Section 2: ART Cycles Using Fresh, Nondonor Eggs or Embryos (Part B)
Section 2 it is broken up into three parts. Part B contains Figures 16–25.
A woman’s age not only affects the chance for pregnancy when her own eggs are used, but also affects her risk of miscarriage. Figure 16 shows percentages of ART cycles using fresh nondonor eggs or embryos in 2011 that resulted in miscarriage for women of different ages. Percentages of ART cycles that resulted in miscarriage were below 15% among women aged 35 or younger. The percentage of ART cycles that resulted in miscarriages began to increase rapidly among women in their mid- to late 30s and continued to increase with age, reaching more than 25% at age 40 and over 70% among women older than age 44.
Previous data show that most miscarriages occur before week 14 (i.e., during the first trimester) among women of all ages undergoing ART. The risk of miscarriage among women undergoing ART procedures using fresh nondonor eggs or embryos appears to be similar to those reported in various studies of other pregnant women in the United States.
In 2011, a total of 101,213 cycles using fresh nondonor eggs or embryos were started:
- 42,059 among women younger than age 35
- 20,963 among women aged 35–37 years
- 21,128 among women aged 38–40 years
- 10,733 among women aged 41–42 years
- 4,744 among women aged 43–44 years
- 1,586 among women older than age 44
Figure 17 shows that a woman’s chance of progressing from the beginning of ART to pregnancy and live birth (using her own eggs) decreases at every stage of ART as her age increases.
As women get older:
- The likelihood of a successful response to ovarian stimulation and progression to egg retrieval decreases.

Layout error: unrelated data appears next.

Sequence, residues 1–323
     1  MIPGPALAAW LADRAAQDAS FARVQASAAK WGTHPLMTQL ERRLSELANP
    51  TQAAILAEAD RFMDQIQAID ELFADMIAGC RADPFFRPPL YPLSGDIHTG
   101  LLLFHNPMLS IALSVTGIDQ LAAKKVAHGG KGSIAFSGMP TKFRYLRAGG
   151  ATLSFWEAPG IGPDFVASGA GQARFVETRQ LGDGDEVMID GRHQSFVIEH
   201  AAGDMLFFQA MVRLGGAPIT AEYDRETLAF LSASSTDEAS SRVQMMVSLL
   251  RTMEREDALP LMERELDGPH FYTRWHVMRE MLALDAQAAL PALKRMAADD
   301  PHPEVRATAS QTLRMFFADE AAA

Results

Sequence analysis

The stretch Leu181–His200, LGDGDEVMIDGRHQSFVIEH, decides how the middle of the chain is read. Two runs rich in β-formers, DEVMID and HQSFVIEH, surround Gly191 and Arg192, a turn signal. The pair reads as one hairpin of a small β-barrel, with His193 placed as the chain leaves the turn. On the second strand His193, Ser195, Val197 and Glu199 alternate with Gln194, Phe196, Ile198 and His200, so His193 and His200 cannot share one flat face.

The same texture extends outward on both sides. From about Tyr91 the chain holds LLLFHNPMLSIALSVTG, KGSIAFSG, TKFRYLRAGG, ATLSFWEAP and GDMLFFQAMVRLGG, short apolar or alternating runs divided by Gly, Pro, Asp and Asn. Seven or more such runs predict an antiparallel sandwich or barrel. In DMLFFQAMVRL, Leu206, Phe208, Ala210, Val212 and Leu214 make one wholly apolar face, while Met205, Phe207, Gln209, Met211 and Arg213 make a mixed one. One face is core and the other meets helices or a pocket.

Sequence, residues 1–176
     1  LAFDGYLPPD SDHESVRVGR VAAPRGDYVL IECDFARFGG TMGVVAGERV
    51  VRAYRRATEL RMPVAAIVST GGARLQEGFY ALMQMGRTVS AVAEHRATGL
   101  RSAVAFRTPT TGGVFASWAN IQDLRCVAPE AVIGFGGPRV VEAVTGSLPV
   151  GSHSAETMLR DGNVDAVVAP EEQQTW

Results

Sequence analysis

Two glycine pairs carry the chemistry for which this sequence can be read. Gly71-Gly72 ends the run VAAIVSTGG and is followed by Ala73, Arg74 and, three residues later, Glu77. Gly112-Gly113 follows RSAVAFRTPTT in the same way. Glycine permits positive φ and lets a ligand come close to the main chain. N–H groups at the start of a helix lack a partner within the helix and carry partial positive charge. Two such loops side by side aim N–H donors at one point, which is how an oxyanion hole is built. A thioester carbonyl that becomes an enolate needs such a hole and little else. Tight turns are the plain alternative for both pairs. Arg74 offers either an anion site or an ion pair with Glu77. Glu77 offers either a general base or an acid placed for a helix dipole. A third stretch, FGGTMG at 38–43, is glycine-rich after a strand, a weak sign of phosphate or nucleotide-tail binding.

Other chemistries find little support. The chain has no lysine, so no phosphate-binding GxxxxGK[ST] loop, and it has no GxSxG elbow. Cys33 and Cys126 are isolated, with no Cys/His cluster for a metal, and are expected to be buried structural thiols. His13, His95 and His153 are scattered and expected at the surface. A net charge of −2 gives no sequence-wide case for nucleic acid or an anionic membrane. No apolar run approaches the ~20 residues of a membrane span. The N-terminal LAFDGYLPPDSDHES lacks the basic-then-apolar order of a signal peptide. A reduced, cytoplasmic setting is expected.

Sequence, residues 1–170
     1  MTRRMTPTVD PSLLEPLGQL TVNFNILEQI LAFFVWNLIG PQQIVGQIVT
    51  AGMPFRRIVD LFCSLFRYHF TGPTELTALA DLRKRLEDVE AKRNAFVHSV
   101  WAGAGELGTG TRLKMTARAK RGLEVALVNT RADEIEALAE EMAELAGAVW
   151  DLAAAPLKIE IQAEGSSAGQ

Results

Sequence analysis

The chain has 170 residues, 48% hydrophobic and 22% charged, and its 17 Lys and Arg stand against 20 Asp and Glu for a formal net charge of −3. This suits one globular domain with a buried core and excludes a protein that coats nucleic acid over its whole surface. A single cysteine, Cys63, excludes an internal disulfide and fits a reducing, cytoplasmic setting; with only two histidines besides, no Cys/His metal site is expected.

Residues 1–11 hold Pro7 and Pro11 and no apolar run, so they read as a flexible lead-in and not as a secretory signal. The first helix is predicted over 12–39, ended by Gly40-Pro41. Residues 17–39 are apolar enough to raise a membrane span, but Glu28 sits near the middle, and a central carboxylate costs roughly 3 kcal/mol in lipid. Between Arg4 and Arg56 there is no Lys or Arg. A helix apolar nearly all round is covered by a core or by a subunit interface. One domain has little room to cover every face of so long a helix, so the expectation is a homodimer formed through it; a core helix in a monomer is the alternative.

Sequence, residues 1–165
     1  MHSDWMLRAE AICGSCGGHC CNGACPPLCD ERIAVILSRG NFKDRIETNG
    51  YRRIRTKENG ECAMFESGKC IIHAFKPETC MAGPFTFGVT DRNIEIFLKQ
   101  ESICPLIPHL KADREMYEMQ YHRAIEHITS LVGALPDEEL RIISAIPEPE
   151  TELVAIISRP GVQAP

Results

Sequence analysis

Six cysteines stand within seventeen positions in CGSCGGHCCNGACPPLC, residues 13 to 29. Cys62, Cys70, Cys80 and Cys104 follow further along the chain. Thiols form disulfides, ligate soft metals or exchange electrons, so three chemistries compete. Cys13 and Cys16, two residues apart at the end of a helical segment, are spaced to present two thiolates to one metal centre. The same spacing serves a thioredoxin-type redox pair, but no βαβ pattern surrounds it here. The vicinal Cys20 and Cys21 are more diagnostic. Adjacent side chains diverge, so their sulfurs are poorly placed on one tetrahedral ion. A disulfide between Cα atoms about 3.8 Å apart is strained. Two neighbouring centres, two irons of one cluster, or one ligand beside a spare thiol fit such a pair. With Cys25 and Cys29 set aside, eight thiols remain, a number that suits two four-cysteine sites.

- Cycles that have progressed to egg retrieval are less likely to reach transfer.
- The percentage of cycles that progress from transfer to pregnancy also decreases.
- Cycles that have progressed to pregnancy are less likely to result in a live birth because the risk of miscarriage is greater (see Figure 16).
Overall, 40% of cycles started in 2011 among women younger than age 35 resulted in live births. This percentage decreased to 32% among women aged 35–37, 22% among women aged 38–40, 12% among women aged 41–42, 5% among women aged 43–44, and 1% among women older than age 44.
Figure 18 shows infertility diagnoses reported among patients who had ART using fresh nondonor eggs or embryos in 2011. Diagnoses range from one infertility factor in the patient or partner to multiple infertility factors in either one or both. However, diagnostic procedures may vary among clinics, so the categorizations also may vary.
- Tubal factor—fallopian tubes are blocked or damaged, making it difficult for the egg to be fertilized or for an embryo to travel to the uterus.
- Ovulatory dysfunction—ovaries are not producing eggs normally. Reasons include polycystic ovary syndrome and multiple ovarian cysts.
- Diminished ovarian reserve—the ability of the ovary to produce eggs is reduced. Reasons include congenital, medical, or surgical causes or advanced age.
- Endometriosis—the presence of tissue similar to the uterine lining in abnormal locations. This condition can affect both fertilization of the egg and embryo implantation.
- Uterine factor—a structural or functional disorder of the uterus that results in reduced fertility.
- Male factor—a low sperm count or problems with sperm function that make it difficult for a sperm to fertilize an egg under normal conditions.